Faculty of Science
The University of Amsterdam
(UvA) is the Netherlands' largest university, offering the widest range of academic programmes. At the UvA, 42,000 students, 6,000 staff members and 3,000 PhD candidates study and work in a diverse range of fields, connected by a culture of curiosity.
The Faculty of Science
(FNWI) has a student body of around 8,000, as well as 1,800 members of staff working in education, research or support services. Researchers and students at the Faculty of Science are fascinated by every aspect of how the world works, be it elementary particles, the birth of the universe or the functioning of the brain.
The mission of the Informatics Institute
(IvI) is to perform curiosity-driven and use-inspired fundamental research in Computer Science. The main research themes are Artificial Intelligence, Computational Science and Systems and Network Engineering. Our research involves complex information systems at large, with a focus on collaborative, data driven, computational and intelligent systems, all with a strong interactive component.
The Multimedia Analytics Lab Amsterdam
(MultiX) led by Worring performs research on multimedia analytics by developing AI techniques for getting the richest information possible from the data, and visualizations, and interactions surpassing human and machine intelligence. We blend multi-modal data in effective interfaces for applications and social impact in public health, forensics and law enforcement, cultural heritage, and data-driven business.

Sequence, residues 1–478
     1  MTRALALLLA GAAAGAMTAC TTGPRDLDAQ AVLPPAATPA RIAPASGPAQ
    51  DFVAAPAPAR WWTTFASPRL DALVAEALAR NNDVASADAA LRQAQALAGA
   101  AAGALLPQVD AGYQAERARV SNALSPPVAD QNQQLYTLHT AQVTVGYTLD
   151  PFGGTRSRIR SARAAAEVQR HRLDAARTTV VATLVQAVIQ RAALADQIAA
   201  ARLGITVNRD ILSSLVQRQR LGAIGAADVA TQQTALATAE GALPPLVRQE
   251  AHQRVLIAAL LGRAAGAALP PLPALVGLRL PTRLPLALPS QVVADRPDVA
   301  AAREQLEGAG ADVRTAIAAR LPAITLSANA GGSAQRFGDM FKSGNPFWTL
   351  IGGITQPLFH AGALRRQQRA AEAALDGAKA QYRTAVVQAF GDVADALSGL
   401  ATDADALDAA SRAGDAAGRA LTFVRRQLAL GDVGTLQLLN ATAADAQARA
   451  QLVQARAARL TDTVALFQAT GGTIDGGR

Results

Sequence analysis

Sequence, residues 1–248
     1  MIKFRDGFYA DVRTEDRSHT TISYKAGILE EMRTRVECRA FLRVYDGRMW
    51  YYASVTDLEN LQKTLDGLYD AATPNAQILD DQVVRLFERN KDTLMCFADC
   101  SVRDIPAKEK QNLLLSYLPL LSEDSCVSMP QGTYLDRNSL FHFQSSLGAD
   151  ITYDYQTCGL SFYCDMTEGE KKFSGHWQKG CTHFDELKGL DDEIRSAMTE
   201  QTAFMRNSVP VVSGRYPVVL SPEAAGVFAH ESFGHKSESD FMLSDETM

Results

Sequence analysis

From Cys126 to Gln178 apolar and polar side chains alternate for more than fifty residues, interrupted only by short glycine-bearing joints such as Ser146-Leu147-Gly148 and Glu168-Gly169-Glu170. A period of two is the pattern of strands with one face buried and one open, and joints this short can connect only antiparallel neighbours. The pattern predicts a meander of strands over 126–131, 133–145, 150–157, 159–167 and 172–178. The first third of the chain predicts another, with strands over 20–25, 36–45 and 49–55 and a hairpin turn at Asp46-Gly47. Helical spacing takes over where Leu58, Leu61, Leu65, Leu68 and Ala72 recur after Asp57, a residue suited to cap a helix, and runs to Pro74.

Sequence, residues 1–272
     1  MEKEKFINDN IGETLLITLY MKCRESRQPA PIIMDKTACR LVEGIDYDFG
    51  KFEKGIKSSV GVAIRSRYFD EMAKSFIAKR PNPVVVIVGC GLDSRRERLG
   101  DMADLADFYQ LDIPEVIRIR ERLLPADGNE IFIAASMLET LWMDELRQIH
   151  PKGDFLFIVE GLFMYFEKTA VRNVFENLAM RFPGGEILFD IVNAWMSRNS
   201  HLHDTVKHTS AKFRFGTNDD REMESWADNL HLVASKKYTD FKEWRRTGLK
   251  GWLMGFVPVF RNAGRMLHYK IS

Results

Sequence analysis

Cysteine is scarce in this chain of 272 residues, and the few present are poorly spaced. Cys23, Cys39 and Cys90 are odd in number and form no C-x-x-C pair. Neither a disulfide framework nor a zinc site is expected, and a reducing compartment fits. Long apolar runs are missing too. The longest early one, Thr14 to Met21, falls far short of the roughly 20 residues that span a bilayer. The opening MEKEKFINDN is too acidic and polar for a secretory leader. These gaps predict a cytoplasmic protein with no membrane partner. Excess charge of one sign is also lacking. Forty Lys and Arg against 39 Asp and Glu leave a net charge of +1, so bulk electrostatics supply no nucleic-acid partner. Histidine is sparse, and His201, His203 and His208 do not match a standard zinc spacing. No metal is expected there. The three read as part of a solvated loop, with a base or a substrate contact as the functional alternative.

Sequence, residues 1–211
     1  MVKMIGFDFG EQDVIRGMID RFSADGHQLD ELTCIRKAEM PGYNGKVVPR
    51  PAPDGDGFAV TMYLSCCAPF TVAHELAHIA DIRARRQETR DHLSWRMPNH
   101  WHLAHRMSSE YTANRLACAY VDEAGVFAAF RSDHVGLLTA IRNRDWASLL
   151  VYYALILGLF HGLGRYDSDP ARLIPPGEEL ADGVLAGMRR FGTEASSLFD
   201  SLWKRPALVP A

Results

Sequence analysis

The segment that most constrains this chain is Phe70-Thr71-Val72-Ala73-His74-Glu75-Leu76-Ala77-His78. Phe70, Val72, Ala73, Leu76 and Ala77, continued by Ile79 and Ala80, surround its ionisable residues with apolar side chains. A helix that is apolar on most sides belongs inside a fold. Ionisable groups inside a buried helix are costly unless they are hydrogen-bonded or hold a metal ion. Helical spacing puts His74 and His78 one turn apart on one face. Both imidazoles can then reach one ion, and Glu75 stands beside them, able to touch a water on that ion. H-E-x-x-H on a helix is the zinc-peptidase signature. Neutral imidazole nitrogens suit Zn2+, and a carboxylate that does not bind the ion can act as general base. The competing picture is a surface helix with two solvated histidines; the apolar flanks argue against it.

The Computational Science Lab
(CSL) led by dr Mike Lees focuses on the information processing of complex and dynamic natural systems. Complex natural system systems consist of individual entities that interact with each other and the environment. They have mechanisms and rules by which they operate, but it is very hard to predict their behaviour. You need computational techniques to simulate the process and understand future behaviour. The predominant question the group tries to answer: How can you use computational techniques to make complex natural systems tractable?
Want to know more about our organisation? Read more about working at
the University of Amsterdam.